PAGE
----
Fresh Apricot Crumble with an oat topping, a delicious summer dessert that is easy to make with a few simple ingredients. Serve the crumble with custard or your favourite ice cream, and you are in for a treat.
When in doubt, bake a crumble! Apricots are at their best in the summer months, and sweet, juicy, really ripe fruit call for a good old crumble. It's literally the easier dessert you can come up with, and it would be a shame not to use up any fruit that would otherwise turn bad and end up in the bin.
And if you have some apricots around that you don't know what else to use them for, well, apart from enjoying them on their own, this is a recipe for you. They don't need to be precooked, just pit them and add them as they are.
The secret to making a good crumble is using ripe fruit that soften beautifully in the oven. While they won't hold their shape well, they won't have a mushy jam-like texture either.
It's more like a lovely contrast between the soft juicy filling and the crispy topping that tells us the crumble is baked to perfection.
Ingredients needed to make an apricot crumble
- apricots - choose ripe apricots that are soft to touch and very juicy
- plain flour - it works best for the topping, no need for self-raising flour
- oats - help achieve a crispy topping
- butter - unsalted butter works the best
- sugar - I used granulated, caster sugar also ok - this goes into the topping
- brown sugar - used to sprinkle over the bottom of the dish
- vanilla extract - or the extract of your choice
If you only have a handful of apricots that's not quite enough for a crumble, you can use either fresh or canned peaches together with the apricots. They have similar texture when ripe, so they will work together.
Other fruit that would work well with apricots are apples or plums - just cut the apples in smaller pieces so they can soften in the oven. I tried different variations of crumbles, and I can say that they all work beautifully.
Step-by-step photos and instructions
Making this crumble is an easy job indeed:
- cut the apricots in half and remove the pits
- melt the butter over a low heat, and leave it to cool slightly
- use a bit of butter to grease the bottom of the ovenproof dish used for the crumble, then sprinkle the brown sugar over
- add the apricots
- in a bowl, sift in the flour, add the oats, granulated sugar, melted butter and vanilla extract, and mix to get a lumpy mixture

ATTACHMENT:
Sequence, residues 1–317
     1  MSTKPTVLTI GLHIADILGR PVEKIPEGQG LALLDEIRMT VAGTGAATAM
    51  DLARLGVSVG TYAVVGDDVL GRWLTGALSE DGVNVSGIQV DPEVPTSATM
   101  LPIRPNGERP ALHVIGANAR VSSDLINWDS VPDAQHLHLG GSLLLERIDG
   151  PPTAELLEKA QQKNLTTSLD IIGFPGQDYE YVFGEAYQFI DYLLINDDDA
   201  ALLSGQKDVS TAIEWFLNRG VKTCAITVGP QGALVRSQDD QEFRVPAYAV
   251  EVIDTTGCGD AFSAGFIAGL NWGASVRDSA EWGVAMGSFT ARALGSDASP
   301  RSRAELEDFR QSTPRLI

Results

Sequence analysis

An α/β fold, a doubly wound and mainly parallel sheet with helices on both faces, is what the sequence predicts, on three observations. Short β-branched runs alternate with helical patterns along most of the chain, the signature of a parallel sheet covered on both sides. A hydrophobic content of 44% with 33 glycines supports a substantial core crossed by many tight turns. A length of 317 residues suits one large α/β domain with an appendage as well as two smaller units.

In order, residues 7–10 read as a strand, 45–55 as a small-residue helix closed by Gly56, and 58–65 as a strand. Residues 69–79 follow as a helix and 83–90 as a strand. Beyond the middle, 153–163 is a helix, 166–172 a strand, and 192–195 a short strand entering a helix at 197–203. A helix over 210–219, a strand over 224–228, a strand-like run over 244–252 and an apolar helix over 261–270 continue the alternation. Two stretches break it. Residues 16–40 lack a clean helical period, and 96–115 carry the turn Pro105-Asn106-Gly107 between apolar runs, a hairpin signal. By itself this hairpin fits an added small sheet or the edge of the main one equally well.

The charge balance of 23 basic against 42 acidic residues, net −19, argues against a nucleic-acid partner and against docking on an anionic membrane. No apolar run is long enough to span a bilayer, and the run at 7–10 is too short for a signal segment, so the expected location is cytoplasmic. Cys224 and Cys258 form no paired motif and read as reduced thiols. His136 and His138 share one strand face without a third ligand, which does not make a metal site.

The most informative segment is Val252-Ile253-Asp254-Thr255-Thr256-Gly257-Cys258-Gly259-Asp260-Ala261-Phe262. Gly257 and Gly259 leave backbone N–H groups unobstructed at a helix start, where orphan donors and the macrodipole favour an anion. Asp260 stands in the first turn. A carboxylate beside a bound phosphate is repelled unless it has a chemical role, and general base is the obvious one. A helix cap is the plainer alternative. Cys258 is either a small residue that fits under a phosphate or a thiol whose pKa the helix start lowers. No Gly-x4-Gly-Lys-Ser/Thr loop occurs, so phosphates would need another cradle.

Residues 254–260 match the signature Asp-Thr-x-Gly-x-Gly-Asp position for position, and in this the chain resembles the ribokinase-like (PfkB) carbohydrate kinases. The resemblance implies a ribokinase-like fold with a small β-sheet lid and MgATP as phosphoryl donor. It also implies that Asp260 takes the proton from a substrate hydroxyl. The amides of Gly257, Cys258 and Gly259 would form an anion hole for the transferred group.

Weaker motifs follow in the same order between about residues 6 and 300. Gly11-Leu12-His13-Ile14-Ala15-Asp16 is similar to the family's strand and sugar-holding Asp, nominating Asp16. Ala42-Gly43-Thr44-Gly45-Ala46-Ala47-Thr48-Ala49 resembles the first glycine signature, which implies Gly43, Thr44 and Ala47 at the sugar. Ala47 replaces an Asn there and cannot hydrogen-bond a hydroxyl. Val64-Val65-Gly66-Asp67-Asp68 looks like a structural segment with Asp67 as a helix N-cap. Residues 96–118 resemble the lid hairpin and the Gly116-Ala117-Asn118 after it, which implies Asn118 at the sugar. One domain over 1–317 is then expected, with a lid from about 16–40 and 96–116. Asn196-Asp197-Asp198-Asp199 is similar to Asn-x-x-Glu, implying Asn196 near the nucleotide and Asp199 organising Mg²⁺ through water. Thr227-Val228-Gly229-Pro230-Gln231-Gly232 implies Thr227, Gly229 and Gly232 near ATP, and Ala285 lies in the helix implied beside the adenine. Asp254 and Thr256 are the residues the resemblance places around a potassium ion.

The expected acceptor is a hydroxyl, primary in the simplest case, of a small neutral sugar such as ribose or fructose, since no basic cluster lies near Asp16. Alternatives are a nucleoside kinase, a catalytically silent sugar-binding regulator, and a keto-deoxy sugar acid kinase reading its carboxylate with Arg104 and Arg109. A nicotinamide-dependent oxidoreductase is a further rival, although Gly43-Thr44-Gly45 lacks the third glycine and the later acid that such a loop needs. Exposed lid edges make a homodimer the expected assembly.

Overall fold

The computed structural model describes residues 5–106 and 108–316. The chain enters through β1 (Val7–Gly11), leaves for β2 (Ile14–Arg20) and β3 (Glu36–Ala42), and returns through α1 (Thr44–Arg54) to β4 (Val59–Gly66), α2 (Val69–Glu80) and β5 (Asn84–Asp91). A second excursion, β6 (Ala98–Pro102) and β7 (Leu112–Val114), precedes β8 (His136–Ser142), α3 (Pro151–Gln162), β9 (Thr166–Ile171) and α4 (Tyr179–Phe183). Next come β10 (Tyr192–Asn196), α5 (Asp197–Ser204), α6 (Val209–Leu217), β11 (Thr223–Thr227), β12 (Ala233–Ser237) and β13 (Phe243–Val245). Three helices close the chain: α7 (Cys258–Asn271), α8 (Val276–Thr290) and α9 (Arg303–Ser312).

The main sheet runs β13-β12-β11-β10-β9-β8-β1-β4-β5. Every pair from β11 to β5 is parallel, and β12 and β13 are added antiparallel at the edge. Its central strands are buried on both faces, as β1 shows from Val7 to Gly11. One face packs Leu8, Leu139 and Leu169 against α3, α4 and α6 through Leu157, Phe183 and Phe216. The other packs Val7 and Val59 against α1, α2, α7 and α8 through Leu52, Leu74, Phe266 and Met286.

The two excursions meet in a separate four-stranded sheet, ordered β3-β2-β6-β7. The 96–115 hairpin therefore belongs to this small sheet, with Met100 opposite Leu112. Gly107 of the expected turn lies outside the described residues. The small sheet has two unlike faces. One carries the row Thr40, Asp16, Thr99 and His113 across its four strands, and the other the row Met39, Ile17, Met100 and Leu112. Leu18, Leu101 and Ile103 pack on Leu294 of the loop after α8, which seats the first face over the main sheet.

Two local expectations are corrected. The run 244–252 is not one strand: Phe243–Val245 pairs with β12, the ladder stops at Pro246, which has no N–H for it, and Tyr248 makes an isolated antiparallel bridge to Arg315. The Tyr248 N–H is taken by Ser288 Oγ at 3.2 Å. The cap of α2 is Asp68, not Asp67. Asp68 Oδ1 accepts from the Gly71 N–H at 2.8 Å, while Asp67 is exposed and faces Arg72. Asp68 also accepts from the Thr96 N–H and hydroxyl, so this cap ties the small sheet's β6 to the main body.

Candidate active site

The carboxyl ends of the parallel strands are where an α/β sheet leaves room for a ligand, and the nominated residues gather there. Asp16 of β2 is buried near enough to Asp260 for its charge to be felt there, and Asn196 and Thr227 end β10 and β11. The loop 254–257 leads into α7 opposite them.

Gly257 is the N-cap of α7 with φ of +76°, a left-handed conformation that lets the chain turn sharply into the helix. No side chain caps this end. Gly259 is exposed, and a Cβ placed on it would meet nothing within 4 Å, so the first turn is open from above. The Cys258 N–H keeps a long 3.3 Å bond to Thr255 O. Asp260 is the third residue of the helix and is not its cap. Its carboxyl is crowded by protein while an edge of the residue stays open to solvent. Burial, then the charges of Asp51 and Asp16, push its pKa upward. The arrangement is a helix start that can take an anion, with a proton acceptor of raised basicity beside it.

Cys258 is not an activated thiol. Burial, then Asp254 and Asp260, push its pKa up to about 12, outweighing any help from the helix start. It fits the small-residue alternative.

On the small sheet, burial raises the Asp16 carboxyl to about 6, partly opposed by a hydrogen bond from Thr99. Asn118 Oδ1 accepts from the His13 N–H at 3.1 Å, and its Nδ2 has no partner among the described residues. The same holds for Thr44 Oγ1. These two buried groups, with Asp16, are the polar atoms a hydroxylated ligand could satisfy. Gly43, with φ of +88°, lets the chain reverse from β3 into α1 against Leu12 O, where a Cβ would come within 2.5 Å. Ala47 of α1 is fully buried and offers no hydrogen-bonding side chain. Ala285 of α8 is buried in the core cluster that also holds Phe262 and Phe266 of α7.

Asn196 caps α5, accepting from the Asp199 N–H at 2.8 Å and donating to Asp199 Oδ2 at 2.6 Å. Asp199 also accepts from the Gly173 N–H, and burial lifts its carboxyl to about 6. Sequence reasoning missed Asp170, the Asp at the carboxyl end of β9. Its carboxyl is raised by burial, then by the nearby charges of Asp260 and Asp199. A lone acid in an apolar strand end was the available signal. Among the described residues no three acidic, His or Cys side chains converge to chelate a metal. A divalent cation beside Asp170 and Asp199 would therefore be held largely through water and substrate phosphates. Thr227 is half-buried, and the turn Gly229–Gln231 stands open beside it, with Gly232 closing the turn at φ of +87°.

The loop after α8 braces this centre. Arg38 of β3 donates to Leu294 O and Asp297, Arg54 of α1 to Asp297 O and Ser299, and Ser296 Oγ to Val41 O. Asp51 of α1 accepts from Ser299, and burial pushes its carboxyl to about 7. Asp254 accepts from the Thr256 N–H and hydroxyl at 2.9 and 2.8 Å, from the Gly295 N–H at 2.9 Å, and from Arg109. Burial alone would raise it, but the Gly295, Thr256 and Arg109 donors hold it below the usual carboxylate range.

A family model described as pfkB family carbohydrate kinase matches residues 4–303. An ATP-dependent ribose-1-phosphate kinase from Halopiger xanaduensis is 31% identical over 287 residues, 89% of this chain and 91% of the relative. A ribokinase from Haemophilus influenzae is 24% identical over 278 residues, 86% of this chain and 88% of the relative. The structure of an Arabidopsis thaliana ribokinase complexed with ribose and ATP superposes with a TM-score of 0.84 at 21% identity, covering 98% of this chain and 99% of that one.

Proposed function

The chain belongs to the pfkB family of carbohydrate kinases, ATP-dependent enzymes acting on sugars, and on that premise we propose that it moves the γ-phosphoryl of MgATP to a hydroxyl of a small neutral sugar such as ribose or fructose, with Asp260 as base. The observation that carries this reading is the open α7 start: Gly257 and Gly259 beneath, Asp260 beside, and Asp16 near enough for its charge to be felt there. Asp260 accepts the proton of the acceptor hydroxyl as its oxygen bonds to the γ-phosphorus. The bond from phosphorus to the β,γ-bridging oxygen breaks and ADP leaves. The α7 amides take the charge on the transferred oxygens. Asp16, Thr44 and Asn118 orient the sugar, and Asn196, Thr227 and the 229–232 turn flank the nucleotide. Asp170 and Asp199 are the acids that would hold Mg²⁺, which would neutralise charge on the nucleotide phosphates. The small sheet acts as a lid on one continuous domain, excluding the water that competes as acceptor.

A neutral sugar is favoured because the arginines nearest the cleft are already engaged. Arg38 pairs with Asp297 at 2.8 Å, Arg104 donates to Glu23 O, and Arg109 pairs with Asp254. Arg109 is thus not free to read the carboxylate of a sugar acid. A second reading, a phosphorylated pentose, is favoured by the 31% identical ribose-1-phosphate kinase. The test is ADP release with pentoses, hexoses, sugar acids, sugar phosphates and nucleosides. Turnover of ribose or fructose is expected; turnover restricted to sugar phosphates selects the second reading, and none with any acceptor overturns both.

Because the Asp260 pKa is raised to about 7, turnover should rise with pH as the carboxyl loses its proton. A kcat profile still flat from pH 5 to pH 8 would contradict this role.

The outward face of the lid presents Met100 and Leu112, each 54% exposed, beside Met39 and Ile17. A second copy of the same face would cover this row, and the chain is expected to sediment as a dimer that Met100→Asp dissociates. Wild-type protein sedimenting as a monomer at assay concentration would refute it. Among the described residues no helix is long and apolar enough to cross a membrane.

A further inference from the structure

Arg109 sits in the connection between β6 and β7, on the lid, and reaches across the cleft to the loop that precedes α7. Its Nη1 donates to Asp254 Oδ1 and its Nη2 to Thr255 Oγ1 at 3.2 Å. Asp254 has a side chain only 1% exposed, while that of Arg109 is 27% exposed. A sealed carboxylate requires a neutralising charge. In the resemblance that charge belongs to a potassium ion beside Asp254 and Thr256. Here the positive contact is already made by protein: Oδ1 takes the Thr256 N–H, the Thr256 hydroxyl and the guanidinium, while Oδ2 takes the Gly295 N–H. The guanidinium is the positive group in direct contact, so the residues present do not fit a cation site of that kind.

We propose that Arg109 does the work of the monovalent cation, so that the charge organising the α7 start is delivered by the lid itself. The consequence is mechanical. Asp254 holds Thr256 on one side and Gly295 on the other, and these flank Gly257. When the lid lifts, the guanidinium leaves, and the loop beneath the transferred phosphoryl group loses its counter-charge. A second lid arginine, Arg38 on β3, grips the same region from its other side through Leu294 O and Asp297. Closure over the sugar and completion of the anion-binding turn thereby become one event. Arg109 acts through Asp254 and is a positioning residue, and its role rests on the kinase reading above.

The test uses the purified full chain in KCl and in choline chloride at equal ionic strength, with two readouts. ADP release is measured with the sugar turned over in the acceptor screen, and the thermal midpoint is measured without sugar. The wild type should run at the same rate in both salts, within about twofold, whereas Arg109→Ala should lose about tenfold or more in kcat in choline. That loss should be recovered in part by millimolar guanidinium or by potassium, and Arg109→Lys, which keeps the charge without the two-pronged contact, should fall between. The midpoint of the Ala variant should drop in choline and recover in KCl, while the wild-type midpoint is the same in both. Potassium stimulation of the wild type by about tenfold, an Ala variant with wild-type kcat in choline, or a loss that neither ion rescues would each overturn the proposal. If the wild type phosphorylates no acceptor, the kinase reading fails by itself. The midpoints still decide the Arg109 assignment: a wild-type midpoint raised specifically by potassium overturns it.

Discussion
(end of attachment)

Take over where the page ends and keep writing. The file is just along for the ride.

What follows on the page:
- scatter the mixture over the apricots, and bake in the preheated oven at 190 degrees Celsius (350 Fahrenheit) for 35 minutes or until golden and bubbling hot
If baking sounds daunting, crumbles are a great first recipe to try, as errors are pretty uncommon. There really isn't much that could go wrong here.
Just make sure that the ratio butter and flour is 1:1, too little butter, and the topping won't be wet enough to bake well and become golden.
I wouldn't recommend icing sugar for the topping, it's the granulated sugar that helps with the crispy texture too.
You can also turn this apricot crumble into apricot crumble bars by following my recipe for Apple and Blackberry Crumble Bars recipe.
What to serve with apricot crumble
Or, you can enjoy it with some delicious homemade ice cream, I have lots to choose from on my Ice Cream Recipes post.
Other crumble recipes
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- 500 g fresh apricots, ripe
- 150 g butter + more to grease the dish
- 150 g plain flour
- 50 g oats
- 100 g granulated sugar
- 2 tablespoon light brown sugar
- 1 teaspoon vanilla extract
- Preheat the oven to 190 degrees Celsius, 375 Fahrenheit, or 170 degrees fan.
- Cut the apricots in half, and remove the pits.
- Melt the butter in a pan set over a low heat, then allow it to cool slightly.
- Butter an ovenproof dish well, then sprinkle the brown sugar over.
- Add the apricots, scattering them evenly over the bottom of the pan.
- In a large bow, sift the flour, add the oats, granulated sugar, vanilla extract and melted butter, and use a spatula to mix well.
- Spread the topping over the apricots, and bake for 35 minutes or until golden and bubbling hot.
- Serve warm or cold with custard or your favourite ice cream.
- If you'd like to see the ingredients listed in cups and ounces, please check the US Customary Link.
- Also, the amount of ingredients changes depending on the servings, so click on the number listed to change it to the number you prefer.
- If baking sounds daunting, crumbles are a great first recipe to try, as errors are pretty uncommon. There really isn't much that could go wrong here.
- Just make sure that the ratio butter and flour is 1:1, too little butter, and the topping won't be wet enough to bake well and become golden.
- I wouldn't recommend icing sugar for the topping, it's the granulated sugar that helps with the crispy texture too.
- You can also turn this apricot crumble into apricot crumble bars by following my recipe for Apple and Blackberry Crumble Bars recipe.